One of the things that many traders new to using CFDs can find confusing is the fact that there are many different types of systems that can be used and adapted for contracts for difference. Choosing the right one or the best mix will always come down to personal choice in the end, and that can mean taking into account factors such as time availability, risk/reward ratios and other aspects of a trader’s personality.
Understanding how to make a system work is best done by trial and error, but when investments are concerned this isn't always an ideal scenario. That is one of the reasons why mechanical trading systems are so popular in CFD circles as they are tried and tested and relatively simple to familiarize oneself with.
CFDs are different from other forms of trading in many ways, and one of the most important is the way in which they can facilitate 'emotionless trading'. By eliminating any kind of connection with an underlying asset that would usually lead to a ‘gut feeling' influencing trading decisions, positions can be taken that rely on a far more secure actionable basis. For instance, choosing to move a stop loss level based on an emotional response to changing circumstances can sometimes result in a profit, but is far more likely to extend losses already suffered.
A mechanical trading system can play a big part in removing the emotion from trading. Obviously, the desire to turn a profit lays at the very heart of trading on the markets, however, being greedy is a totally different thing and one that can be very dangerous, especially when using a leveraged financial tool. Sticking to a mechanical system means that decisions can be made on a far more rational basis and even in some cases become fully automated.
At its simplest, a ‘mechanical system' in this context is essentially a set of rules that can be utilized to govern trading behavior. A series of absolutes can be arranged in a set and then used as a software program or even as a written spreadsheet-style older approach. By taking subjectivity out of the equation when sticking to this type of set methodology, a trader can use a wide range of historical data to analyze information and extrapolate future outcomes.
Entry and exit points, stop loss levels and position sizing and timing can all be made to become far more consistent choices by adopting a mechanical system. By creating an unambiguous response to market stimuli, any room for subjective or emotional input from a trader that goes against the data and could lead to losses is eliminated.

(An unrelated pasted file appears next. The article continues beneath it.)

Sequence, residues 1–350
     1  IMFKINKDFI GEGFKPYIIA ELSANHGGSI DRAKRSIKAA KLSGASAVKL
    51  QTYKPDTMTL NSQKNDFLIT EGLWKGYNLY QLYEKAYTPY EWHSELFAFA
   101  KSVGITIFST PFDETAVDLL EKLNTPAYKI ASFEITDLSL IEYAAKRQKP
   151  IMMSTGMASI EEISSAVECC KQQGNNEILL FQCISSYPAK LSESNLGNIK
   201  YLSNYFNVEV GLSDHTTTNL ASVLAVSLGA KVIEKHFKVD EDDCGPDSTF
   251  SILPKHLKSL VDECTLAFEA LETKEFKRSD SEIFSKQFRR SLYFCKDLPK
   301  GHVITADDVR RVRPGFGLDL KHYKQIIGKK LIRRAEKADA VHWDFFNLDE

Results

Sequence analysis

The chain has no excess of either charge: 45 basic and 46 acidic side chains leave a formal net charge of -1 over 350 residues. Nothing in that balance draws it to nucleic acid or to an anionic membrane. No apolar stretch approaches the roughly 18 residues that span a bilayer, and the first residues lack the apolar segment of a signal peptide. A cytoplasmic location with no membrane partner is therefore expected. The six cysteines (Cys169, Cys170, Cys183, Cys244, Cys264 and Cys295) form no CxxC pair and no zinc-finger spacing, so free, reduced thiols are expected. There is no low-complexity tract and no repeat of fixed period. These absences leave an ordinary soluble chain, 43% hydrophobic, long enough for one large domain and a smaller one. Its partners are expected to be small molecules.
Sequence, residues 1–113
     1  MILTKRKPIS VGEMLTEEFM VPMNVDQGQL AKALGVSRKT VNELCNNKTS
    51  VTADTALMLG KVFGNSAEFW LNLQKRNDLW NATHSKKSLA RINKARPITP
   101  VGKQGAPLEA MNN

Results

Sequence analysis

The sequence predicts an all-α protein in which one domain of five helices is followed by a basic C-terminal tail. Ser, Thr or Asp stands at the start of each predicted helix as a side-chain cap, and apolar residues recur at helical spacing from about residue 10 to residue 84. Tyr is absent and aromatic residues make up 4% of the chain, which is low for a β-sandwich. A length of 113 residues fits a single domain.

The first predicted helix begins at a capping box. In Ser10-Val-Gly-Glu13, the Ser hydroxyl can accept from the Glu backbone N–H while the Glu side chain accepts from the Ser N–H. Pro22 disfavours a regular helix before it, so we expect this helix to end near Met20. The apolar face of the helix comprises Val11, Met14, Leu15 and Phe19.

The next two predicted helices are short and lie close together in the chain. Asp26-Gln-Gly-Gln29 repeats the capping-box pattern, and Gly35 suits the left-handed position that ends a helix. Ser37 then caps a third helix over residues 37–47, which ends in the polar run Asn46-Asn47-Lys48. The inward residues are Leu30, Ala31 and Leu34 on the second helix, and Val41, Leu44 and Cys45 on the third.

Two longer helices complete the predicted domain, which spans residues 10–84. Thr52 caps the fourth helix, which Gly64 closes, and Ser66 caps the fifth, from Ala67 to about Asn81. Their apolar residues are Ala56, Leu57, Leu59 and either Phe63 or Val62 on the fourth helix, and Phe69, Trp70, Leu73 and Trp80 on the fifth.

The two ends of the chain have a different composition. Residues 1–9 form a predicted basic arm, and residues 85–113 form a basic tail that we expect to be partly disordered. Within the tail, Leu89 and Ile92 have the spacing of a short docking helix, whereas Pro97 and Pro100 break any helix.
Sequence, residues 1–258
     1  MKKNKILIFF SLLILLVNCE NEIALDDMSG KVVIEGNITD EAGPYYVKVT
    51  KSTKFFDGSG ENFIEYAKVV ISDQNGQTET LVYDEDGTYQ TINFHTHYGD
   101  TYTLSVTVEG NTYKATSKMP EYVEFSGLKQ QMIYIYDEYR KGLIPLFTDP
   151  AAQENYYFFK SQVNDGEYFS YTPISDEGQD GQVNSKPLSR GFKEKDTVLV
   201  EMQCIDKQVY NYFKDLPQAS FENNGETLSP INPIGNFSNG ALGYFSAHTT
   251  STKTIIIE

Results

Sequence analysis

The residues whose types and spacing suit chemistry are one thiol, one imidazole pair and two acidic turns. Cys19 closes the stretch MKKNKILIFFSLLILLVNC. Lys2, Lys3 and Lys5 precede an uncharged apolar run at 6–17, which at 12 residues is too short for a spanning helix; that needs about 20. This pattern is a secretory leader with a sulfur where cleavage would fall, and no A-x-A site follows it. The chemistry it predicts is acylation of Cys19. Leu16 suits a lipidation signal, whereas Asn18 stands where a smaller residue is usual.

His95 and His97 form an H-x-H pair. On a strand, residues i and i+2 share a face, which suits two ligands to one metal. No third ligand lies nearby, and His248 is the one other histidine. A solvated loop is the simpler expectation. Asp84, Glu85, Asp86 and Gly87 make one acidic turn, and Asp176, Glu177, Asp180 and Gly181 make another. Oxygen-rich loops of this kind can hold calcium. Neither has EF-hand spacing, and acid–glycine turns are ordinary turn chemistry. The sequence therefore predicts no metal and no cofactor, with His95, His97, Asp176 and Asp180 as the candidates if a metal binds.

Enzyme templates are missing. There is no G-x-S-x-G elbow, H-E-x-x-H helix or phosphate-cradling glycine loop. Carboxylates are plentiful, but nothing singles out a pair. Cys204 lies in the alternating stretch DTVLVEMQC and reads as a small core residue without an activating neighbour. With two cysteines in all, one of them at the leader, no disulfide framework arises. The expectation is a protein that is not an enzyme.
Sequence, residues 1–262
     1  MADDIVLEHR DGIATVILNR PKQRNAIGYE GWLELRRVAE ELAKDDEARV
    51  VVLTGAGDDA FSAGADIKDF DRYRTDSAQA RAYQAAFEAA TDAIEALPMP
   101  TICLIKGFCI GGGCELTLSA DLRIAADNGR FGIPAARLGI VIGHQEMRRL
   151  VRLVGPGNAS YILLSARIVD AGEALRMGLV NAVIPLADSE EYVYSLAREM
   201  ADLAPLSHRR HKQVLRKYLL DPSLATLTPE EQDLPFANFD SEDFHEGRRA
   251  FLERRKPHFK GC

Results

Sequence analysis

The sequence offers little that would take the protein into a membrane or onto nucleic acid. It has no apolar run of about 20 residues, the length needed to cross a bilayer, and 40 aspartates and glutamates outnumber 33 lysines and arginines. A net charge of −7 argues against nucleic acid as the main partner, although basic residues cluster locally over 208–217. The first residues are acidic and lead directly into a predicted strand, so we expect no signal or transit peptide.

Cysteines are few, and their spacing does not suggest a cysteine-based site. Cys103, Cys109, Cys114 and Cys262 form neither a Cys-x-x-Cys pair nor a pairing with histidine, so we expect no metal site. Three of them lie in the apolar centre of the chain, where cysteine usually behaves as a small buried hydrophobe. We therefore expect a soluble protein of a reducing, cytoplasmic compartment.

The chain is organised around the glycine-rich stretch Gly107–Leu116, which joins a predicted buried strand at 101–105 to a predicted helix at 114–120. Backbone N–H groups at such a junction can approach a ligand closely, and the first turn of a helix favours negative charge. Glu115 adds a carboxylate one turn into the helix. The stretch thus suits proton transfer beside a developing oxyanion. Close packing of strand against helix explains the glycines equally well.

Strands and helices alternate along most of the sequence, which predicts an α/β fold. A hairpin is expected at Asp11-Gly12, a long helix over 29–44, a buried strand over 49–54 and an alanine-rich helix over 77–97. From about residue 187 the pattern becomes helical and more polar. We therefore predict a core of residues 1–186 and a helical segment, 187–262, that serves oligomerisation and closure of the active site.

CFDs and mechanical systems
Defining specific markets to use with a mechanical trading system is a fundamental aspect of eventual success. As it is also an approach that works well for leveraged financial products and there are such a wide range of markets and underlying assets available for contract for difference trading, choice and flexibility are touchstones of the pairing of CFDs and mechanical systems.
Margin requirements can be a factor that mechanical systems help with, which can be especially useful for CFD trades. Of course, as with any other analytical regime, using data of previous results to make predictions for future outcomes is never foolproof, but a reasonable assumption can be made to expect similar results to come from similar circumstances, if the data used is reliable and robust.
As mechanical systems can be computerized to such a great degree, a lot of time manually viewing charts can be eliminated, as can trading prospects that might not fit your criteria. Using stop loss tools is essential to any CFD risk management strategy and here is another area in which mechanical systems and automation can be vital for successful trading. Cutting losses when a trade turns out to be a bad one can be hard as it involves admitting defeat and accepting that a wrong choice was made. However, this is another perfect example of where emotion has no place in trading on the markets and how a mechanical system can save making further errors.
Even though a mechanical system is a powerful tool and automation can play a big part in the correct use of the method, it isn't something that can be ‘switched on' and left to do all the work. A successful CFD trader will never rely solely on any form of assistance and then sit back and wait, and this is why a certain mindset is required success when trading in contracts for differences. Indeed, so-called ‘buy and forget' investors are far more suited to traditional trading on stock exchanges than CFD markets, as the hands-on nature of fast turnover trading needs a different level of involvement altogether.
Markets change and that is the basic key to where profits can be made using CFDs. Asset values, whether they go up or down, are the key to successful CFD trading and making sure that your system is supplied with the best data. Knowing when a certain system has outlived its value is an essential skill. Although mechanical trading with CFDs can make things easier, it isn't a golden bullet that ensures profits and guarantees no losses will be made. Any experienced trader knows that taking the rough with the smooth is part and parcel of the markets, no matter which area is chosen. However, making sure that the right tools are there to be used can mean the difference between success and failure.